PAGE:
In their new four-year contract, the new leadership of both the Chicago Teachers Union and the School Reform Board of Trustees pledge to find a new, “more orderly, harmonious and effective” way of doing business together.
The collective bargaining process, they say, needs “fundamental change.”
The contract singles out a number of controversial issues that the new bargaining process will address, including class size and staffing, special education, the high school day, violence in schools and tying pay to performance. Since new state law prohibits negotiations in these areas, the contract provides that these issues will be addressed “without limiting or waiving the board’s rights under the law.”
Paul Vallas, the system’s new chief executive officer, called the teachers union the administration’s “new ally” in improving schools.
The contract provides annual pay raises of about 3 percent but, otherwise, looks much like the old contract. The rates of increase run slightly below statewide averages for the last five years.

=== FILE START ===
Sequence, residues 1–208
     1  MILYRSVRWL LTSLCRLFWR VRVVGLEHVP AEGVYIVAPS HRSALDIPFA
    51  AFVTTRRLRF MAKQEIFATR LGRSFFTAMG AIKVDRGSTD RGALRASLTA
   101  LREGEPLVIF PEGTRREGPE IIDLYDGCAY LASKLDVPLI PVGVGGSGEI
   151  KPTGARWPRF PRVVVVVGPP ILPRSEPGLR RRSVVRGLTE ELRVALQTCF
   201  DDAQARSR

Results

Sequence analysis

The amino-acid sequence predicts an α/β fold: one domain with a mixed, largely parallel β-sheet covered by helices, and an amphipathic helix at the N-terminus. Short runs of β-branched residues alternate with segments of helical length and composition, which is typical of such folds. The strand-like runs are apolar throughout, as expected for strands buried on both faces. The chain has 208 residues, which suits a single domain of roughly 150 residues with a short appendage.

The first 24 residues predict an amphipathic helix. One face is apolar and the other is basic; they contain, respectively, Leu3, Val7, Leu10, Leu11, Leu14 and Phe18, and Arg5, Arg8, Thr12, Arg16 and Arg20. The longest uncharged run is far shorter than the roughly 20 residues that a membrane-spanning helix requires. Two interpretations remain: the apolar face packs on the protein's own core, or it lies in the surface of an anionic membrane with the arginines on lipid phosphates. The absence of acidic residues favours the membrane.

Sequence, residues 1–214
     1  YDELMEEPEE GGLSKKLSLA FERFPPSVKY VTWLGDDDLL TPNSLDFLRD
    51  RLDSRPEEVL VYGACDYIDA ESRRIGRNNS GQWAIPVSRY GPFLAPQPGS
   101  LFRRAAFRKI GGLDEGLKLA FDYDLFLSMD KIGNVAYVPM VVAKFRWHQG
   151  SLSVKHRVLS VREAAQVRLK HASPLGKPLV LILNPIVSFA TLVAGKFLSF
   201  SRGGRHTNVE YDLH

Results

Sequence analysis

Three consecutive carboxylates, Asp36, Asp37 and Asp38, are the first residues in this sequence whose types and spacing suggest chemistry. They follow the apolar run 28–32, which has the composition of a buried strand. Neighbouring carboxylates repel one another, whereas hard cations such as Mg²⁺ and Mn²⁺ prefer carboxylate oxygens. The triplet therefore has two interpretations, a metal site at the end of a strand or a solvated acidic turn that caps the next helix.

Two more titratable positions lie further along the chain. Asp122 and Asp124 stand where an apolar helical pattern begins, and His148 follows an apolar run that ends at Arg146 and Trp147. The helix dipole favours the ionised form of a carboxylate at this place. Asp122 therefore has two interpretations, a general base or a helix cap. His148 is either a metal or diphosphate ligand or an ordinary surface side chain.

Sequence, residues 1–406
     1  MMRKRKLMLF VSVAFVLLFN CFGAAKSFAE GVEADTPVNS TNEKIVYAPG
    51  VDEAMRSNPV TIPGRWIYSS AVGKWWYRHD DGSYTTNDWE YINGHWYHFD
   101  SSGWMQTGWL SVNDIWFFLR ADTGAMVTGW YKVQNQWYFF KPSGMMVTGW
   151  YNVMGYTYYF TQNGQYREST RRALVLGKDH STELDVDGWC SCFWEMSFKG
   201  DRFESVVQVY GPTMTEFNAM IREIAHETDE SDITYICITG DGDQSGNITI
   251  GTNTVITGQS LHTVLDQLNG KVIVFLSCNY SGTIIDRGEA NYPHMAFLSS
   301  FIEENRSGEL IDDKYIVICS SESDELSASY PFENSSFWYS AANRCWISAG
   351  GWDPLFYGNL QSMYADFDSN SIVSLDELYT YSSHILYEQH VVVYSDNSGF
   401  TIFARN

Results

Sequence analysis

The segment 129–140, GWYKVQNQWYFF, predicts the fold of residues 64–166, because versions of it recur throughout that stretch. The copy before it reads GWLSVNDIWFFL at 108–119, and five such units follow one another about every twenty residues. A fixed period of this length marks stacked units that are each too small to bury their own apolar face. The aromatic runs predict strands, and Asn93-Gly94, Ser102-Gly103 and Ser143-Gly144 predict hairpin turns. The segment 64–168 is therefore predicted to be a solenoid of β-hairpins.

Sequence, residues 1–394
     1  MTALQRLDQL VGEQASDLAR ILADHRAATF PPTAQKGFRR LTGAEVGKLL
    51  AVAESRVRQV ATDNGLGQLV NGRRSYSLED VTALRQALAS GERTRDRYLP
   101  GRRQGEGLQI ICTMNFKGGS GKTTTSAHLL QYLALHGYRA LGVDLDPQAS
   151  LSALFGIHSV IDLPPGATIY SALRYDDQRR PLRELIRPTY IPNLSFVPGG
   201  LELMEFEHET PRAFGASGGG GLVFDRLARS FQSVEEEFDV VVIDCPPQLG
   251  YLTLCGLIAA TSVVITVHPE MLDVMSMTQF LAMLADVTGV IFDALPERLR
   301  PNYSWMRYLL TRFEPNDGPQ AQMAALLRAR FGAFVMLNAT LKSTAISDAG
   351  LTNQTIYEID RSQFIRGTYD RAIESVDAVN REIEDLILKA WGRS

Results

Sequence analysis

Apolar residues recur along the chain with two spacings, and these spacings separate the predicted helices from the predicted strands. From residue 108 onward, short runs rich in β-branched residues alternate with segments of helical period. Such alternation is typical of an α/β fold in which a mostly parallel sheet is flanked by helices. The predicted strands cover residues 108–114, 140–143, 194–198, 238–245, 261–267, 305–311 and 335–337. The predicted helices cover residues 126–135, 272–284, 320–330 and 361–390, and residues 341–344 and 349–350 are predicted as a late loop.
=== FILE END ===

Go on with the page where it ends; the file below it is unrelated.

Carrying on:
This school year, a beginning teacher with a bachelor’s degree will make $30,754 for 40 weeks of work. In September 1998, beginning pay will jump to $33,810.
The pay for a teacher with a master’s degree and 10 years of experience will be $47,129; by September 1998, it will rise to $51,813.
Top pay—for teachers with 12 years of experience and a doctoral degree—will rise from $54,718 to $60,156.
Beginning teachers who work a full calendar year will make $37,169 this year and $40,863 by September 1998. Top pay for 52-week teachers will rise from $63,589 this year to $72,704 in 1998.
Beginning pay for school clerks working 40 weeks will rise from $21,932 to $24,111. Top pay—for clerks with 21 years experience—will rise from $29,650 to $32,596.
Under a “contingency clause,” the union may void the contract if the board doesn’t have enough money to pay for the raises.
Other new provisions are:
PEER REVIEW The board and union will develop a peer evaluation program to be implemented in 1996-97.
SCHOOL DAY In elementary schools, a regular school day will not exceed 6 hours and 45 minutes. This provision is meant to ensure that teachers get paid extra for working longer. Approval from a majority of a school’s classroom teachers is required to change the regular hours of 8:30 a.m. to 3:15 p.m.